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October 25, 2006 | South Carolina Headlines


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The Numbers Tell The Story
Jimmy Moore
June 26, 2002

The Republican primary season is mercifully over now that all of our candidates are in place ready to go head-to-head in the general election against the Democratic and third party candidates. As hard fought as the primary season was over the past few months, it will start all over again for Mark Sanford, Andre Bauer, Mark Hammond and Henry McMaster in the next few weeks! Congratulations to each of these winners!

I would like to write one more article on the gubernatorial runoff election based on the final voting results before we bid it a fond farewell (or should it be good riddance?!). As I was watching the numbers come in on Tuesday night, I couldn’t help but notice their peculiarity. As I closely examined the vote totals from each of the 46 counties, I found that the numbers tell the story of the runoff for the GOP nomination for Governor quite well:

On June 11th, there were 316,255 votes cast in the Governor’s race.
On June 25th, there were 303,642 votes cast in the Governor’s race.

This was ONLY a 4% drop from the primary to the runoff, far less than the 50% drop that was expected!

Bob Peeler received LESS votes in the runoff in half (23) of the counties than he did in the primary race (including drops in heavy Upstate counties such as Anderson and Spartanburg).

Mark Sanford got MORE votes in every single county in the runoff than he did in the primary (including 30% or more increases in the counties of Aiken, Anderson, Charleston, Darlington, Dorchester, Florence, Greenville, Laurens, Lexington, Newberry, Oconee, Orangeburg, Pickens, Richland, Spartanburg, Sumter and York)!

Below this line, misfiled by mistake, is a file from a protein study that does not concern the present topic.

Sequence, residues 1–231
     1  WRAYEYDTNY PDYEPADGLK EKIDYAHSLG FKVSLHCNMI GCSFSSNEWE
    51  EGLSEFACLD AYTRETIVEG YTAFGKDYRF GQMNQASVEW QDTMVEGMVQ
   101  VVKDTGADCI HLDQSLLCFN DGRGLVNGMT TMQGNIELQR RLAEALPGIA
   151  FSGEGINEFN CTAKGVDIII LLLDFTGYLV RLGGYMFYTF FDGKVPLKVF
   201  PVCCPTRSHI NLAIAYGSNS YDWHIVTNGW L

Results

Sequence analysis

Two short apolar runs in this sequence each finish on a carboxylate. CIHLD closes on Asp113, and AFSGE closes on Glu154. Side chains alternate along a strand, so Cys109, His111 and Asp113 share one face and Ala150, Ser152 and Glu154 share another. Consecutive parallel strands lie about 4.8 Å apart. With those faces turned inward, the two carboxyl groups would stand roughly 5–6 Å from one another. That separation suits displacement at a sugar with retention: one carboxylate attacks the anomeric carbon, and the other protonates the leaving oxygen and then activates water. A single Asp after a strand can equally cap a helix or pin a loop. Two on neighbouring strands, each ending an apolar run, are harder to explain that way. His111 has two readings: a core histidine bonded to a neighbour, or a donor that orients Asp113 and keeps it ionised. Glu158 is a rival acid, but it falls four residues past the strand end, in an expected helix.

Not only did Sanford’s base support him again, but they brought people with them to the polls for the runoff election! Peeler’s base was uninspired.

Bob Peeler got 709 LESS votes from Spartanburg and only 705 MORE votes from Greenville in the runoff than he did in the primary.

Mark Sanford got 8797 MORE votes from Charleston in the runoff than he did in the primary.

Charleston voters made a bold statement by heavily supporting their hometown favorite, Mark Sanford, in the runoff. Conversely, Bob Peeler’s support in Greenville and Spartanburg remained the same as the primary.

Bob Peeler won 20 counties for a total of 56,022 votes.
In the 26 counties he lost, Bob Peeler received 65,401 votes.

Mark Sanford won 26 counties for a total of 138,195 votes.
In the 20 counties he lost, Mark Sanford received 43,304 votes.

Sanford received 60% more votes in the counties he won than Peeler did in the counties he won!

Peeler Had 3: 18,607 from Greenville County, 12,322 from Lexington County and 11,559 from Spartanburg County.

Sanford Had 5: 27,192 from Charleston County, 19,804 from Greenville County, 16,657 from Richland County, 15,991 from Lexington County and 11,019 from Horry County.

Charleston and Richland County were huge for Sanford. Spartanburg and Horry cancelled each other out. Greenville and Lexington were split, with a slight edge to Sanford. These are the key counties that made this election!

Peeler’s vote tally in Greenville accounted for 6% of the total votes cast, in Lexington accounted for 4% of the total votes cast and in Spartanburg accounted for 4% of the total votes cast. Peeler’s vote total in his top counties only accounted for 14% of the vote total!

Sanford’s vote tally in Charleston accounted for 9% of the total votes cast, in Greenville accounted for 6.5% of the total votes cast, in Richland accounted for 5.5% of the total votes cast, in Lexington accounted for 5% of the total votes cast and in Horry accounted for 3.5% of the total votes cast. Sanford’s vote tally in his top counties made up 30% of the vote total!

Peeler failed to capitalize on his strength in the Upstate. This was most evident in his loss of Greenville to Sanford. The Lowcountry and Midlands helped give Sanford his decisive win!

While the reasons why Sanford prevailed over Peeler by a 60%-40% margin will be debated, no one can doubt that elections in South Carolina hinge on these key counties. This does not mean the candidates should ignore the smaller counties. But there are bigger fish to fry in this sport called political elections. The numbers tell the story loud and clear here.

Are you listening, candidates?

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